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From Frank Geary <>
Subject Re: Index corruption using Lucene 2.4.1 - thread safety issue?
Date Thu, 15 Jul 2010 17:09:08 GMT

Just to conclude this issue, it seems that my theory below was correct.  I
implemented code at the time of my previous posting to "delete the last
IndexReader used whenever we re-create a new RAMDir IW" and we have not seen
the ArrayOutOfBounds Exception since.  Thus, the lesson here is never to
reopen an IndexReader from one RAMDir index to use for a different RAMDir
index.  It sometimes works, but will fail some of the time.

Frank Geary  

Frank Geary wrote:
> For the record - I haven't proven this yet - but here's my current theory
> of what is causing the problem:
> 1) We start with a new RAMDir IW[0] and do some deletes and adds.
> 2) We create at least one IndexReader based on that IW. The last of which
> we'll call IndexReader[A].
> 3) Then we switch to using the other RAMDir IW[1].
> 4) While using IW[1], we clear out IW[0] and create a new IW[0].  However,
> the last IndexReader, IndexReader[A], is left around.
> 5) Eventually, we switch to using the other newly re-created RAMDir IW[0]
> again.
> 6) The first search that comes in against RAMDir IW[0] trys to reopen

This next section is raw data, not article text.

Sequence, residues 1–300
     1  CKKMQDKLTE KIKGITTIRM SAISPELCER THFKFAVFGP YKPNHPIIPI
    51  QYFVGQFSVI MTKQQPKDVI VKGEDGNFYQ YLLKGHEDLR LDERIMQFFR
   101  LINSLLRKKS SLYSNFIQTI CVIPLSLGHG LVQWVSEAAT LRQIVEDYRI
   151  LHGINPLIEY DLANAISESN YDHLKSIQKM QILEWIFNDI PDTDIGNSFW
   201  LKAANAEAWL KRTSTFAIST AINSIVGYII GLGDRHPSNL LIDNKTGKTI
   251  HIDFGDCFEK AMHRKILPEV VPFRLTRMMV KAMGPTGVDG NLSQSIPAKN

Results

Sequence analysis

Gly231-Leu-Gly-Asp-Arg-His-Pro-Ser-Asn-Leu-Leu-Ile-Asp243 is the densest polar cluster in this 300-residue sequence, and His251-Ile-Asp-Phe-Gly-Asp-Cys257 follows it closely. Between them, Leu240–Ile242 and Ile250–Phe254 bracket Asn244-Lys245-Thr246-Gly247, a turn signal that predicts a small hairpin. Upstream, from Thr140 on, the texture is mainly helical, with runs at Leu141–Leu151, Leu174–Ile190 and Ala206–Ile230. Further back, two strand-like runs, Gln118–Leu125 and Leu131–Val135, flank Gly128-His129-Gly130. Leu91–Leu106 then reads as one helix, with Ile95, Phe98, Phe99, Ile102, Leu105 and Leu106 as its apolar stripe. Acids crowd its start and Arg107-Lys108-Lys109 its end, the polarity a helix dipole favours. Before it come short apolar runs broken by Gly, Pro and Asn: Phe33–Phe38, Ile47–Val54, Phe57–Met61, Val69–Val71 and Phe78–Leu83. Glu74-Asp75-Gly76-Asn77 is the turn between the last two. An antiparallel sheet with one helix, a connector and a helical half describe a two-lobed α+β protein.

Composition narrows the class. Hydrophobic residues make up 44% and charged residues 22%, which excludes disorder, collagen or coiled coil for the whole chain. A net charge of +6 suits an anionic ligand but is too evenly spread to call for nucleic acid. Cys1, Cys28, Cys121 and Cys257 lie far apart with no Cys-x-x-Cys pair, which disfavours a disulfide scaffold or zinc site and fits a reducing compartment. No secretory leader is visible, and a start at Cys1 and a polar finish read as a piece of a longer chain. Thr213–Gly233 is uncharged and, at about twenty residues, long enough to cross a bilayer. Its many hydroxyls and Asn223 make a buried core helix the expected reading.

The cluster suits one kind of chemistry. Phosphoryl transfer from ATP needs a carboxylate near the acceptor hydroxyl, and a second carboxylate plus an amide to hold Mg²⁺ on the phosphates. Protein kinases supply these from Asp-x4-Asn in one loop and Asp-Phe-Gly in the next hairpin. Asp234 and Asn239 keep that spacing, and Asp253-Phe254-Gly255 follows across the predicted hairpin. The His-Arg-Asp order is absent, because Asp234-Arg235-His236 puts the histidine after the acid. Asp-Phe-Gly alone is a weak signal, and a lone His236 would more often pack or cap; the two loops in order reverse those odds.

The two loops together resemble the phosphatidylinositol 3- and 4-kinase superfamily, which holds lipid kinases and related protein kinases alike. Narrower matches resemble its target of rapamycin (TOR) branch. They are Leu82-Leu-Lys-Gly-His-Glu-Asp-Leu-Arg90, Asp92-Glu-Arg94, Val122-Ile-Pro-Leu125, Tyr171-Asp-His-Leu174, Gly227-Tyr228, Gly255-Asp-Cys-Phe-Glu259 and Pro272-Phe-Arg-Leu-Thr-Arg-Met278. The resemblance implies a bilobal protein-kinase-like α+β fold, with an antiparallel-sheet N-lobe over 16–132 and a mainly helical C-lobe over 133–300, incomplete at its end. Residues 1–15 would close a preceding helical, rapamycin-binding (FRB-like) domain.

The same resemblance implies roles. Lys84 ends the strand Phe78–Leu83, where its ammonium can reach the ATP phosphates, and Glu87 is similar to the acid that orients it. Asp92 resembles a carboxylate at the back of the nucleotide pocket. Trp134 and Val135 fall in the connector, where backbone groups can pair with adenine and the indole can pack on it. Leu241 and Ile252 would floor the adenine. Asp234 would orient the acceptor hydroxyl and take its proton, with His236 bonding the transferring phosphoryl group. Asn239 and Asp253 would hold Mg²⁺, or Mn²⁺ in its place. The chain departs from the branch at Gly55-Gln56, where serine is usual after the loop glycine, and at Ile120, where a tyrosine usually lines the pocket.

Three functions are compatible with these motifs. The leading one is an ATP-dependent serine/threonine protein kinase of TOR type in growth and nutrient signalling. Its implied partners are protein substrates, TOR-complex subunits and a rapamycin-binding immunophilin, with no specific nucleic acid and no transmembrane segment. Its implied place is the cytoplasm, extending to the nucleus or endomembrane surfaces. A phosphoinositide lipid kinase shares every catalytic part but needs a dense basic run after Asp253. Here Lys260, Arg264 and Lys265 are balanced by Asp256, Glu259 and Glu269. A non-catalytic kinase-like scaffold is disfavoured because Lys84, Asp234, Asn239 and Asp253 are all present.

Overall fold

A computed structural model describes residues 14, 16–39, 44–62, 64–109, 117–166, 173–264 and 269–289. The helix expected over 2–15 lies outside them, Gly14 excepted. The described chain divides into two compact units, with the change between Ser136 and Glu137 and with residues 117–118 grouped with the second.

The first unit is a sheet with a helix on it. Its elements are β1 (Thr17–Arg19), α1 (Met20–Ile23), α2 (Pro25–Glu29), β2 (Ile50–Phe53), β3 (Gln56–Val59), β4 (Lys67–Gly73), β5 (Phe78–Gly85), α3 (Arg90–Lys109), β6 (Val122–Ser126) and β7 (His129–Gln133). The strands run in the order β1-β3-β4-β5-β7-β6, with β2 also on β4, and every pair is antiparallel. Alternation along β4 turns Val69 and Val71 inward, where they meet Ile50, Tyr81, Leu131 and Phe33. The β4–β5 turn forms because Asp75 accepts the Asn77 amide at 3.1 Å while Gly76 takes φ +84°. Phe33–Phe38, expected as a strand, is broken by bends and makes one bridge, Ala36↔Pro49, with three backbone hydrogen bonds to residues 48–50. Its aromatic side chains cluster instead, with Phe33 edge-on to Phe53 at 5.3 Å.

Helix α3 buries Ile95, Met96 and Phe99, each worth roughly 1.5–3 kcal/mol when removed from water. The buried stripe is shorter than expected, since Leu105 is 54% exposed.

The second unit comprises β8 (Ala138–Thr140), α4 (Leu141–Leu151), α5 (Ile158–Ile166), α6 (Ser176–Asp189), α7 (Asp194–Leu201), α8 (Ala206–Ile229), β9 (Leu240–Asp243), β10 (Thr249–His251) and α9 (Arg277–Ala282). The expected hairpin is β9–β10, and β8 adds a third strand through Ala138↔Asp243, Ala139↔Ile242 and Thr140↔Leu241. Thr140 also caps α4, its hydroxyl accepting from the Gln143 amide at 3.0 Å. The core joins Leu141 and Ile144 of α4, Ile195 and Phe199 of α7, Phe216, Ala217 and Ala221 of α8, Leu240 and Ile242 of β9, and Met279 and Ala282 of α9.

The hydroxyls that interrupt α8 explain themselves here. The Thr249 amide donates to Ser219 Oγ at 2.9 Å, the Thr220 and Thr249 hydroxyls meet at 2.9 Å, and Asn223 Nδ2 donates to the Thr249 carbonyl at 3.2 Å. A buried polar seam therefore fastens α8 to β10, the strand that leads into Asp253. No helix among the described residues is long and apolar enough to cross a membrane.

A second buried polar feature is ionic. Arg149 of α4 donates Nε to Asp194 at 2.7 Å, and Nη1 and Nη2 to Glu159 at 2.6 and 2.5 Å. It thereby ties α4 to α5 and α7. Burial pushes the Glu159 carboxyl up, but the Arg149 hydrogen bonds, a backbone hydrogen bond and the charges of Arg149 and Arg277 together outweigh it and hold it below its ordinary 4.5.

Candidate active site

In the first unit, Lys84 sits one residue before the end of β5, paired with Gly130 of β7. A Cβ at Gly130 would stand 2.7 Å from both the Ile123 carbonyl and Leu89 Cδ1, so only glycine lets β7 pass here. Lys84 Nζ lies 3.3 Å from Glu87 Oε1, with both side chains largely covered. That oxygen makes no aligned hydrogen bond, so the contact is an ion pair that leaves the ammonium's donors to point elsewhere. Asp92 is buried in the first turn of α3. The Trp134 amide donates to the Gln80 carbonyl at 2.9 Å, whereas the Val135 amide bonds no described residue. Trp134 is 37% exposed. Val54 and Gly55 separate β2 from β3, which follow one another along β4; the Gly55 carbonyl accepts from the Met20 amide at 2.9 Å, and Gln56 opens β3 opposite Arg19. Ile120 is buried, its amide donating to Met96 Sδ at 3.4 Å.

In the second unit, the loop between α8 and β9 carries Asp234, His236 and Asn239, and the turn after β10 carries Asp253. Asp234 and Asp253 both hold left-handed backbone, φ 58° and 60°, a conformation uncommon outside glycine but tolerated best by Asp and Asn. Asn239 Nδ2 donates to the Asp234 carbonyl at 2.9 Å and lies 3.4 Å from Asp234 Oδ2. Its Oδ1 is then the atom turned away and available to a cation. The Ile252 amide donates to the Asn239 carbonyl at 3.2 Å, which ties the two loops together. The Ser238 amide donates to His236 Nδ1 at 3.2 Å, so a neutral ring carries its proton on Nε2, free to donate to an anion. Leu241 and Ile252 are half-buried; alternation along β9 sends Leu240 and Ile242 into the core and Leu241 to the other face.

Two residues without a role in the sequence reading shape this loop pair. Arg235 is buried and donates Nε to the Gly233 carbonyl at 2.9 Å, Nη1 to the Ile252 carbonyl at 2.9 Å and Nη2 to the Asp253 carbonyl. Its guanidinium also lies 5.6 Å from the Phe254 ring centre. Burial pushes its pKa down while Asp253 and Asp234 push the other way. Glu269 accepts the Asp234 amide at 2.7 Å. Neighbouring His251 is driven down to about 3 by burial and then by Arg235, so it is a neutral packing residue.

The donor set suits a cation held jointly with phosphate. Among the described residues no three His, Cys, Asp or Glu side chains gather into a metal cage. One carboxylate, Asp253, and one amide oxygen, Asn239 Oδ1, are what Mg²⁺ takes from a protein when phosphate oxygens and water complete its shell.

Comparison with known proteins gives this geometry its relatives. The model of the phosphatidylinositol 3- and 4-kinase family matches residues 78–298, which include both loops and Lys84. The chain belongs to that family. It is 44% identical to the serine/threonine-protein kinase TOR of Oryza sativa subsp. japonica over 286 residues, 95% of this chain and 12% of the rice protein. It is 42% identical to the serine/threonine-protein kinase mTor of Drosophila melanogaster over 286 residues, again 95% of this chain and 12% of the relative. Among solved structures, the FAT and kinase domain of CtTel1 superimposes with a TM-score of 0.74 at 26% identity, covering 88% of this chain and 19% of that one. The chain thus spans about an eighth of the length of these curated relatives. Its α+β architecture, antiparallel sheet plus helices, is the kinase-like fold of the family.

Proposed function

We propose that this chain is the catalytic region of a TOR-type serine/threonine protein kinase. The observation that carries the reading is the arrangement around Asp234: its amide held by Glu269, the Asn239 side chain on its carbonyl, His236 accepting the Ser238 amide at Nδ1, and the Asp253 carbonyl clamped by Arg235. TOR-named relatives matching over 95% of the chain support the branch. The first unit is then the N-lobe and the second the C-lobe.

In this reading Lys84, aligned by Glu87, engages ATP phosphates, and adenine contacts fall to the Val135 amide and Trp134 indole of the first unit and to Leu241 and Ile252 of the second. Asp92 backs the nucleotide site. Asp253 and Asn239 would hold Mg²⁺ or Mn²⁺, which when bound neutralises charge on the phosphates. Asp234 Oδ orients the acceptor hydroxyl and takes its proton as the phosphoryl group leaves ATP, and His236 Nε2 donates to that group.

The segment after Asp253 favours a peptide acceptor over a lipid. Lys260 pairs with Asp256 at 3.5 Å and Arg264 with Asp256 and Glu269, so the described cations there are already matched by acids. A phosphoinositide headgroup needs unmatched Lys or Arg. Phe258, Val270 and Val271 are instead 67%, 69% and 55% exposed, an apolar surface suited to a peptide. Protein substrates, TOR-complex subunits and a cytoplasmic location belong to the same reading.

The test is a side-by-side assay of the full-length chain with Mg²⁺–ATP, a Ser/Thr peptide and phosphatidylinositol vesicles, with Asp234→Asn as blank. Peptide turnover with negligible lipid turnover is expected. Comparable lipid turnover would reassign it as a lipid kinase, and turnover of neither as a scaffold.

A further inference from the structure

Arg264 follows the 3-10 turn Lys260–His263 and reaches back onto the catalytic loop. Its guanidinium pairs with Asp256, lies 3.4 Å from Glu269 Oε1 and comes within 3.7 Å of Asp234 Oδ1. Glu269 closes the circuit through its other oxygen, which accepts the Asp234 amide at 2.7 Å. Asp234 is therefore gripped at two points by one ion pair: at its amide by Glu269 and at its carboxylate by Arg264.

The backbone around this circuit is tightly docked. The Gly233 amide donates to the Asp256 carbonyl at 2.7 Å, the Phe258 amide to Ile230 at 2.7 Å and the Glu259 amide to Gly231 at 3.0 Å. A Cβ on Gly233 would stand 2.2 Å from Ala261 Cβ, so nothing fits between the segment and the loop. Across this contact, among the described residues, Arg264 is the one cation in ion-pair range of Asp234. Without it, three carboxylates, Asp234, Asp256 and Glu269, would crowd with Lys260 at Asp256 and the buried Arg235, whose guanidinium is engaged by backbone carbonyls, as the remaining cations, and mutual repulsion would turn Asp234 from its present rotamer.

> IndexReader[A].  But IndexReader[A] has nothing to do with the newly
> re-created RAMDir index[0].  
> So my theory is that this confuses the IndexReader.reopen() code.  
> Therefore, we can perhaps fix the problem by deleting the last IndexReader
> used whenever we re-create any RAMDir IW.  Furthermore, this problem may
> be so infrequent because:
> a) It can only happen the first time after two RAMDir swaps.
> b) It may depend on what state IndexReader[A] was in when it was created.
> c) It may also depend on what state the new RAMDir IW is in when that
> first reopen() call is made using the old IndexReader[A].  
> d) If the first reopen for a new IW succeeds, we're fine until the next
> swap.
> e) If it fails, it could fail repeatedly or only once.
> I'll let you know when I determine if this theory is correct or not.
> Frank

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